Why We Can't Depend on Robots to Find Life on Mars

Mars 2020 rover art
NASA's Mars 2020 rover is designed to be able to identify potential traces of ancient life on Mars. (Image credit: NASA)

A Senate subcommittee asked for reasons to support sending humans to Mars, and, boy, did they get one from Ellen Stofan, NASA's former chief scientist.

Stofan, who now leads the Smithsonian's National Air and Space Museum, argued that if we truly want to find and understand any potential traces of ancient life on the Red Planet, robots can't do it alone — we'll need humans on the ground.

"While I'm optimistic that life did evolve on Mars, I'm not optimistic that it got very complex, so we're talking about finding fossil microbes," Stofan told a Senate subcommittee devoted to science issues on Aug. 1, adding that those fossils would be incredibly hard to find. [The Search for Life on Mars (A Photo Timeline)]

"That's why I do think it will take humans on the planet, breaking open a lot of rocks to try to actually find this evidence of past life," Stofan said. "And finding one sample is not good enough; you need multiple samples to understand the diversity."

NASA hasn't sent a robot designed to identify traces of life on Mars since the Viking missions in the 1970s. But with the soonest possible human Mars mission still a decade and a half away, is there any hope that robots could pinpoint ancient Martian life before humans get there?

Whether our life-hunting emissaries are mechanical or human, they'll be guided by what we've learned on Earth — and discovering ancient microbial life is already pretty tricky here, Frances Westall, an astrobiologist at the National Center for Scientific Research in France, told Space.com. Westall, who looks for traces of ancient microbial life on Earth, said, "That's still quite controversial, and that's having access to the most sophisticated laboratories on Earth." Right now, she said, that work always relies on a combination of on-site humans and distant labs — no robots involved.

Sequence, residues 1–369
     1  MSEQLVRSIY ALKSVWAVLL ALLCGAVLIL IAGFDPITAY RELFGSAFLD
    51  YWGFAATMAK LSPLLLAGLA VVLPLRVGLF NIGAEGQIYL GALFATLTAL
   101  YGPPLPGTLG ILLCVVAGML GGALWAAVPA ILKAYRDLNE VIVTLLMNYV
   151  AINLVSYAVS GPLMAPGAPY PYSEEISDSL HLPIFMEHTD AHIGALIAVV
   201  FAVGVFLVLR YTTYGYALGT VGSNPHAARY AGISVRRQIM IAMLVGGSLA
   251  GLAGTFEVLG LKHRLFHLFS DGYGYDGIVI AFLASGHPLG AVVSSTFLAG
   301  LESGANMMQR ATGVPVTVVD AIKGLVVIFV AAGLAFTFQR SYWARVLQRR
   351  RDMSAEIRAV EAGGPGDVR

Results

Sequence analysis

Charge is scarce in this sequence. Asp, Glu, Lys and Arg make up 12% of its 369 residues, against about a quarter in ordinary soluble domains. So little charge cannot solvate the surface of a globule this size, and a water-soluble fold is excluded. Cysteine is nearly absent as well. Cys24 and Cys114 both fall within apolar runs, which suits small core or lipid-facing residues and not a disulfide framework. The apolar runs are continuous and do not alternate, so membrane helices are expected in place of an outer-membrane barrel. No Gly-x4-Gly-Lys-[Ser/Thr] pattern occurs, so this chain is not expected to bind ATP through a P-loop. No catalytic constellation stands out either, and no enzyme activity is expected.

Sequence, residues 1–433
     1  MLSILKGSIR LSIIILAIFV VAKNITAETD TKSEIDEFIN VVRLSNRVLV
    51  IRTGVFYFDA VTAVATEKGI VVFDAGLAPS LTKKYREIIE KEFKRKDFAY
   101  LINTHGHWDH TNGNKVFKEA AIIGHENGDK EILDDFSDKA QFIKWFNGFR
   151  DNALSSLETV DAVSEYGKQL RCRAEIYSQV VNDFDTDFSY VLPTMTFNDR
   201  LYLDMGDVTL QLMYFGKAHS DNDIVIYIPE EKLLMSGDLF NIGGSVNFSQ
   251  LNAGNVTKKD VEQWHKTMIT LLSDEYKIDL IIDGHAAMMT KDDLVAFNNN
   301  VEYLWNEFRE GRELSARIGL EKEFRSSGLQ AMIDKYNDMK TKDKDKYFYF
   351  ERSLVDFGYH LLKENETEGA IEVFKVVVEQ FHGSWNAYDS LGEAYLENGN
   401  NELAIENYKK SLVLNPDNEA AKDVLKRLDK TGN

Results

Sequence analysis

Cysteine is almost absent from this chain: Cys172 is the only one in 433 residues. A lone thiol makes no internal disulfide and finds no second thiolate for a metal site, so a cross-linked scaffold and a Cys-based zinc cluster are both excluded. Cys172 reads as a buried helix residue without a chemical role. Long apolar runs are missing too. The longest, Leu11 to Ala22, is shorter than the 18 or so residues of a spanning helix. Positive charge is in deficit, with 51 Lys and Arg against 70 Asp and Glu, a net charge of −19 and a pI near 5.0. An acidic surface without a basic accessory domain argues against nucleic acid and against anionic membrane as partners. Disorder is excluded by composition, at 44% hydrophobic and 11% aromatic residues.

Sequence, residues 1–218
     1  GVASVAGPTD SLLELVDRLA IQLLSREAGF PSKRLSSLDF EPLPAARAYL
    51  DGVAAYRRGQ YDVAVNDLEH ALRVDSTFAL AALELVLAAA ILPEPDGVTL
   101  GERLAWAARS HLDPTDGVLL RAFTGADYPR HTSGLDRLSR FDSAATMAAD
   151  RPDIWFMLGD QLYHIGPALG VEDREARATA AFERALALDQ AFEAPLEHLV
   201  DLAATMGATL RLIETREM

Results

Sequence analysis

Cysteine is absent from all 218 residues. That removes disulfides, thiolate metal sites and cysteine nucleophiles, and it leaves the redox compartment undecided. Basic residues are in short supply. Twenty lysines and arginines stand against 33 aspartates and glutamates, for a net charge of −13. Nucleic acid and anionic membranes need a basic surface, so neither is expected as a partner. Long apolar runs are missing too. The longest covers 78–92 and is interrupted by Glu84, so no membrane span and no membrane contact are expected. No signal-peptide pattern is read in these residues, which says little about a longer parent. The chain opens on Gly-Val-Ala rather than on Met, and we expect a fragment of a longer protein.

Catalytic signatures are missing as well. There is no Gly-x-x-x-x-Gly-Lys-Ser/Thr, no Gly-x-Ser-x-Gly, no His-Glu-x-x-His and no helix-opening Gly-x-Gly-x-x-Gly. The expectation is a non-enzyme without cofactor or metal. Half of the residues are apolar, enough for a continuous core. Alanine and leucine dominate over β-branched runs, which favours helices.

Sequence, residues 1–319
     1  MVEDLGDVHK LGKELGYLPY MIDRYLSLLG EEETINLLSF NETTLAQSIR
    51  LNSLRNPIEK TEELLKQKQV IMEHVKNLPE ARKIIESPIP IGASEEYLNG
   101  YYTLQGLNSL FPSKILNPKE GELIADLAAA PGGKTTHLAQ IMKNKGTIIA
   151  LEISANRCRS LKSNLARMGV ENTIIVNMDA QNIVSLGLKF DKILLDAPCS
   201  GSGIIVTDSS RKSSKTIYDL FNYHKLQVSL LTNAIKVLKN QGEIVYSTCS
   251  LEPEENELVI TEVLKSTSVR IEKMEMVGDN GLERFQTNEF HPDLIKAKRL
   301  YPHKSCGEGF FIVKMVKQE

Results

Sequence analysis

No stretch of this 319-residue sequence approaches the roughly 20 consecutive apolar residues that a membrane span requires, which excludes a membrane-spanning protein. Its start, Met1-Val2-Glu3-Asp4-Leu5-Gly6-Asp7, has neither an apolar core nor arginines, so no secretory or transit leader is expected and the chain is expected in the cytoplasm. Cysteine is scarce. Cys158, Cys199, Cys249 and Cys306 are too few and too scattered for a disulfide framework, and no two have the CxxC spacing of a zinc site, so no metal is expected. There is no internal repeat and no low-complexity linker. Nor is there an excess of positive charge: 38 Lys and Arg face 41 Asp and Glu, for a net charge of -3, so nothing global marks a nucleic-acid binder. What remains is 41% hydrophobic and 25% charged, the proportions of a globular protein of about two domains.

Just as here on Earth, scientists are fighting some grim odds when it comes to hunting traces of Martian organisms that may have lived billions of years ago. "Of course, most things never fossilize; a few things do get preserved, typically those things that have hard parts," Sean McMahon, an astrobiologist at the University of Edinburgh in the U.K., told Space.com.

But on one front, the search for ancient life on Mars has a leg up over its terrestrial equivalent, since Mars doesn't have phenomena like plate tectonics and volcanism constantly destroying its geological record, Tanja Bosak, a geobiologist at the Massachusetts Institute of Technology, told Space.com. So if there was life on the Red Planet billions of years ago, its traces could well remain.

Robots versus humans

Mars has attracted eight successful landers and rovers over the years, with its highest-profile current resident being NASA's Curiosity rover. That mission was carefully designed to look for places where life might once have thrived — but not to look for traces of that life.

And it has done just that, identifying mudstones in Gale Crater as particularly promising and spotting ancient organic molecules not necessarily created by life. But robots aren't perfect, and there are still plenty of lingering questions about Martian geology, he added. "There are rocks that rovers have visited and imaged and analyzed and we're still arguing about what they are," McMahon said. [Ancient Mars Lakes & Laser Blasts: Curiosity Rover's 10 Biggest Moments in 1st 5 Years]

But robots are much hardier than humans. "The place where I would begin the conversation is where is it safe to land, and the robotic program has a demonstrated capability for landing in difficult terrain," Ken Farley, an astrobiologist at the California Institute of Technology and the principal investigator for NASA's next Mars rover, told Space.com, adding that robots can land closer to the rocks scientists want to look at. While humans are more mobile than robots, Neil Armstrong and Buzz Aldrin covered only about 90 yards (82 meters) during their moon landing.